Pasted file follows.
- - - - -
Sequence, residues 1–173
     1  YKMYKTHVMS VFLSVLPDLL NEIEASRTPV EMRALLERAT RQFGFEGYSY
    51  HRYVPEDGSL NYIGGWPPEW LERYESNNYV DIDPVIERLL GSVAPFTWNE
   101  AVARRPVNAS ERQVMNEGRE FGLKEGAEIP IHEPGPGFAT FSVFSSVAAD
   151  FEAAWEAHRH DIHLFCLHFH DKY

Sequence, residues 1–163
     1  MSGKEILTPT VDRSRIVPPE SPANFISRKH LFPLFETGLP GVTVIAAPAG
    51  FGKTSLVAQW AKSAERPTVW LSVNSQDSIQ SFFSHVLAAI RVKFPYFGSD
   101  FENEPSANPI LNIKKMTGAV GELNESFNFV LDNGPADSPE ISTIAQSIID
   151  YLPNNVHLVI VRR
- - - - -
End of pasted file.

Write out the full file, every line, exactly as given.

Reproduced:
Sequence, residues 1–173
     1  YKMYKTHVMS VFLSVLPDLL NEIEASRTPV EMRALLERAT RQFGFEGYSY
    51  HRYVPEDGSL NYIGGWPPEW LERYESNNYV DIDPVIERLL GSVAPFTWNE
   101  AVARRPVNAS ERQVMNEGRE FGLKEGAEIP IHEPGPGFAT FSVFSSVAAD
   151  FEAAWEAHRH DIHLFCLHFH DKY

Sequence, residues 1–163
     1  MSGKEILTPT VDRSRIVPPE SPANFISRKH LFPLFETGLP GVTVIAAPAG
    51  FGKTSLVAQW AKSAERPTVW LSVNSQDSIQ SFFSHVLAAI RVKFPYFGSD
   101  FENEPSANPI LNIKKMTGAV GELNESFNFV LDNGPADSPE ISTIAQSIID
   151  YLPNNVHLVI VRR